The alliance between Great Britain, The United States and USSR ended just after World War II, when the U.S. decided to drop an atomic bomb on Japan, and the USSR felt that America had secretly developed the atomic bomb. A rivalry started to grow between communist and non-communist countries which led to the Cold War. After World War II ended Germany was split into four parts, as well as its capital Berlin. The beginning of the Cold War was marked by Germans unwilling to re-unite. By 1948, Russia controlled much of Eastern Europe, including East Germany and East Berlin, while the United States, Great Britain and France controlled Western Europe along with West Germany and West Berlin. The division of Europe was referred to as the Iron Curtain. The Truman Doctrine in 1947 enabled America to help any non-communist country to resist communist countries; in other words, the United States employed a policy of containment against communists and the USSR, meaning that its tactic was to prevent the spread of communism by restricting communism to within its borders. One phase of containment was the Marshall Plan, which stated that America would give economic assistance to countries recovering from World War II. This would prevent another depression, and terminate the possibility of allied countries adopting a communist government. All countries that were offered the money accepted it, except for the USSR, which declared that it would signify American dominance. Another phase of containment was the United States starting the North Atlantic Treaty Organization (NATO), which unified the western countries against an attack from the USSR. The USSR responded with a blockade around West Berlin, which was located deep inside eastern territory. All food and supplies had to be airlifted to West Berlin until May 1949.
The clashing of communism and capitalism was the most direct cause of the Cold War. The creation of the atomic bomb in 1945 by the United States and its later use on Japan intensified the rivalry as the USSR was now worried about their safety. By placing spies in theAmerican government, they were able to create their own arsenal of atomic weapons. When America created the hydrogen bomb in 1952, the USSR created its own in 1955. Then, on October 4, 1957, the Soviets launched Sputnik into space. As the nuclear weapons race evolved into a race-to-space, the Soviets launched Sputnik II with a dog named Laika, which was the first living creature in space. It wasn't until January 31, 1958, when America launched its first satellite, the Explorer I, into orbit.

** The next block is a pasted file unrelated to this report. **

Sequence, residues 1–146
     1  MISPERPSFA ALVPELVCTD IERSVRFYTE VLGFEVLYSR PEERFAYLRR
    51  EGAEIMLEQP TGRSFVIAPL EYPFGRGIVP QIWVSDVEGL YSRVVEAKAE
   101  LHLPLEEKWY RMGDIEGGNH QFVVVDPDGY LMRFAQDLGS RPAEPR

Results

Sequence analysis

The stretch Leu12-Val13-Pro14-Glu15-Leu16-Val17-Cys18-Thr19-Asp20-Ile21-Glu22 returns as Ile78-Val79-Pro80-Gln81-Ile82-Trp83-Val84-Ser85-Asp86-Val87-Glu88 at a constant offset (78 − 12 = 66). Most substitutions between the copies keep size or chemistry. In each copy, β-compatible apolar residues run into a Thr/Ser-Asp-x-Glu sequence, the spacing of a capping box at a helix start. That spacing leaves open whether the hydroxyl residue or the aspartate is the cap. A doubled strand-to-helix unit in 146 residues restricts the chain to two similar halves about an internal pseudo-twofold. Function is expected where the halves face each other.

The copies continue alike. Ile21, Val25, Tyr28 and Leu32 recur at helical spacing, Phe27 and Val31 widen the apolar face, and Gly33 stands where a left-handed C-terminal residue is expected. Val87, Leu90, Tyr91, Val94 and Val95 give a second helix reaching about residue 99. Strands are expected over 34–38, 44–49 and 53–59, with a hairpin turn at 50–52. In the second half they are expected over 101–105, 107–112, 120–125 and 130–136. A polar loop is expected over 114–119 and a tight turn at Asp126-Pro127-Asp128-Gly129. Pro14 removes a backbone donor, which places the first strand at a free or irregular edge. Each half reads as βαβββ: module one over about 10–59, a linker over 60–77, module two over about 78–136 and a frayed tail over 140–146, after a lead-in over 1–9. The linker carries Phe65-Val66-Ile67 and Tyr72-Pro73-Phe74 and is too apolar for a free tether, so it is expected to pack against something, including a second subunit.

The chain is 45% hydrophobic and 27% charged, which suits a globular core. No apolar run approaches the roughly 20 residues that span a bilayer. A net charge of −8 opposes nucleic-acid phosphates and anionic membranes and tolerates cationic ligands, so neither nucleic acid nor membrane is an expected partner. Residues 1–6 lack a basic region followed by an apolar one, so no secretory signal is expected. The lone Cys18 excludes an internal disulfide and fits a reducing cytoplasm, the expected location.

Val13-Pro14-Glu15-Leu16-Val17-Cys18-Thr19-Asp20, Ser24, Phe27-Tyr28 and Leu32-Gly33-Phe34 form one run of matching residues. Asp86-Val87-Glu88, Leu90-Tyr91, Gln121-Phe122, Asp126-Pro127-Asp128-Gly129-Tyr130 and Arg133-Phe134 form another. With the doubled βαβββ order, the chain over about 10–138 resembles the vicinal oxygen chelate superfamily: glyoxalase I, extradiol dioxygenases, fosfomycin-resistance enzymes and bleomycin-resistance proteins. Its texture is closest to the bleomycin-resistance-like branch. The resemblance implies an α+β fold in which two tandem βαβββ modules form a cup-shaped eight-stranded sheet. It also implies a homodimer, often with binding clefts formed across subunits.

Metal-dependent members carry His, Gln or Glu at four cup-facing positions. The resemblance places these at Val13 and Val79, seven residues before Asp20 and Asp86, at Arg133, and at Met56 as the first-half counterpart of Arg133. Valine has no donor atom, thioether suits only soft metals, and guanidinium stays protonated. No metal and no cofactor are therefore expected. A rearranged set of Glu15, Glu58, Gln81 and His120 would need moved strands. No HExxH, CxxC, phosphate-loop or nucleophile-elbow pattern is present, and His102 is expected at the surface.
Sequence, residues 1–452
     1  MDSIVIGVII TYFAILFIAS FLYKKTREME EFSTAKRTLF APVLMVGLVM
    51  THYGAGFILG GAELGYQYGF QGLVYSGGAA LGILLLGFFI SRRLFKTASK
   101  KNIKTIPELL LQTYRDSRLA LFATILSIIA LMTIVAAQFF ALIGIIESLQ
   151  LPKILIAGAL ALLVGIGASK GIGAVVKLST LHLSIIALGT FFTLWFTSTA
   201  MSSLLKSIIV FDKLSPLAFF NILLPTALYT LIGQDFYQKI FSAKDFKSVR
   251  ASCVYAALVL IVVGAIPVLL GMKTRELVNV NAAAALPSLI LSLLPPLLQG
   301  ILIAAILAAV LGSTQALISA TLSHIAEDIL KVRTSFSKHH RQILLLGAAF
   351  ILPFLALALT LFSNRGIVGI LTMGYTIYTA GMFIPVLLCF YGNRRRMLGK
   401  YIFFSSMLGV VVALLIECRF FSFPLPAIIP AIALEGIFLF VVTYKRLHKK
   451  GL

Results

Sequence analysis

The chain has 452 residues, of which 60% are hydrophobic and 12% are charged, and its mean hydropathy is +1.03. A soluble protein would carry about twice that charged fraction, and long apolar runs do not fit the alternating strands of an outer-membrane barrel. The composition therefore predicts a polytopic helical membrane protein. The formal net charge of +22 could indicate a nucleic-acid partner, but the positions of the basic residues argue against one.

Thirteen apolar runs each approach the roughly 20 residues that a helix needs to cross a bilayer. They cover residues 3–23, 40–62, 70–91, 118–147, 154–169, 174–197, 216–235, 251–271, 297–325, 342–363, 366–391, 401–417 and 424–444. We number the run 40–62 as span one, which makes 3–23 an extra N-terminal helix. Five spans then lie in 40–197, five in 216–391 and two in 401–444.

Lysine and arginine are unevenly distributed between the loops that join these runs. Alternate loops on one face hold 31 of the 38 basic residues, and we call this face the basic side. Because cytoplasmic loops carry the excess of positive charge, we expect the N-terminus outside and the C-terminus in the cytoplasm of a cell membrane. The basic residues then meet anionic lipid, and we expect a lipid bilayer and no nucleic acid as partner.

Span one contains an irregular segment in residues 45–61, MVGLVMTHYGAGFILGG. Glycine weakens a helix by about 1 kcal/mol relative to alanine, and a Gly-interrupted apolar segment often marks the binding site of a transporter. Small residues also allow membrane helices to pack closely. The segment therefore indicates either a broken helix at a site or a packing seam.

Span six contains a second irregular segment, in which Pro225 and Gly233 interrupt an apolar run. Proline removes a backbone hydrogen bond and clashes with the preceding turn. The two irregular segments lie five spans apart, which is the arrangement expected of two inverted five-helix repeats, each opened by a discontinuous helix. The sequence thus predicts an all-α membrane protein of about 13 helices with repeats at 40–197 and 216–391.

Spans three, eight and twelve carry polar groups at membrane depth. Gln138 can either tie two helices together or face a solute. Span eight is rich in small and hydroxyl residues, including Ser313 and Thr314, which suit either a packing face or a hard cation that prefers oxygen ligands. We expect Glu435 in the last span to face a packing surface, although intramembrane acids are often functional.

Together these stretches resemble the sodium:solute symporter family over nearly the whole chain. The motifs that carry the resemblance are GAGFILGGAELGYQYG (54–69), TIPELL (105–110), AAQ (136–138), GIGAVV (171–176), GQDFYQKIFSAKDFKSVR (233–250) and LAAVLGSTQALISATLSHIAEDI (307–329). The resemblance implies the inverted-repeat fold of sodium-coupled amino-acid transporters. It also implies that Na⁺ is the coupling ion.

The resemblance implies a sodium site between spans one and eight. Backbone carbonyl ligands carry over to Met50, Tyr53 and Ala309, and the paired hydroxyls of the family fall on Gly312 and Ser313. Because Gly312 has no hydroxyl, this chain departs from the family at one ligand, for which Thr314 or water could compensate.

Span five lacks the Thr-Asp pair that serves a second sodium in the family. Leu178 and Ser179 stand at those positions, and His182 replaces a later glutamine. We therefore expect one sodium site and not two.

Even more tension was added to the Cold War when, in 1961, Germany built the Berlin Wall. The open border was allowing East Europeans to escape Soviet rule through West Berlin. This was a major political embarrassment and had tremendous effects on the Soviet economy. The Berlin Wall wasn't torn down until October 3, 1990.As communist Cuba thought that the U.S. was planning an attack against them, they asked the Soviet Union for help. The Soviet Union sent them materials to build anything they needed to launch their own missiles. When America found out the Cuba could possibly launch missiles into America, we ordered that the Soviets pull out all of their nuclear equipment. Although Cuban leader Fidel Castro protested this, the Soviets withdrew, and one of the biggest early potential Cold War disasters had been averted.